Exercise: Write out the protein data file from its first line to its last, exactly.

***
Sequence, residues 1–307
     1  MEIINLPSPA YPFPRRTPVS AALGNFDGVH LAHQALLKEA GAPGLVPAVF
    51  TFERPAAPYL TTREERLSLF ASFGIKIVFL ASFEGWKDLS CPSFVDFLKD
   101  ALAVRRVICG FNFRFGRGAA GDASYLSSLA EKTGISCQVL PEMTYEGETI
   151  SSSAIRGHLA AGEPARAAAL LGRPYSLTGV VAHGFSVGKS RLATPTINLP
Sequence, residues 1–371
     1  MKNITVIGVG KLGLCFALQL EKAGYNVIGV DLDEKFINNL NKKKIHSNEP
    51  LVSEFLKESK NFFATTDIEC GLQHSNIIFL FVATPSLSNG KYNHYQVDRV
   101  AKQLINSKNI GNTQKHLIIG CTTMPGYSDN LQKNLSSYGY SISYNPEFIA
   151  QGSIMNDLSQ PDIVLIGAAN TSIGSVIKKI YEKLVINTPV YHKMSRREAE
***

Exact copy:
Sequence, residues 1–307
     1  MEIINLPSPA YPFPRRTPVS AALGNFDGVH LAHQALLKEA GAPGLVPAVF
    51  TFERPAAPYL TTREERLSLF ASFGIKIVFL ASFEGWKDLS CPSFVDFLKD
   101  ALAVRRVICG FNFRFGRGAA GDASYLSSLA EKTGISCQVL PEMTYEGETI
   151  SSSAIRGHLA AGEPARAAAL LGRPYSLTGV VAHGFSVGKS RLATPTINLP
Sequence, residues 1–371
     1  MKNITVIGVG KLGLCFALQL EKAGYNVIGV DLDEKFINNL NKKKIHSNEP
    51  LVSEFLKESK NFFATTDIEC GLQHSNIIFL FVATPSLSNG KYNHYQVDRV
   101  AKQLINSKNI GNTQKHLIIG CTTMPGYSDN LQKNLSSYGY SISYNPEFIA
   151  QGSIMNDLSQ PDIVLIGAAN TSIGSVIKKI YEKLVINTPV YHKMSRREAE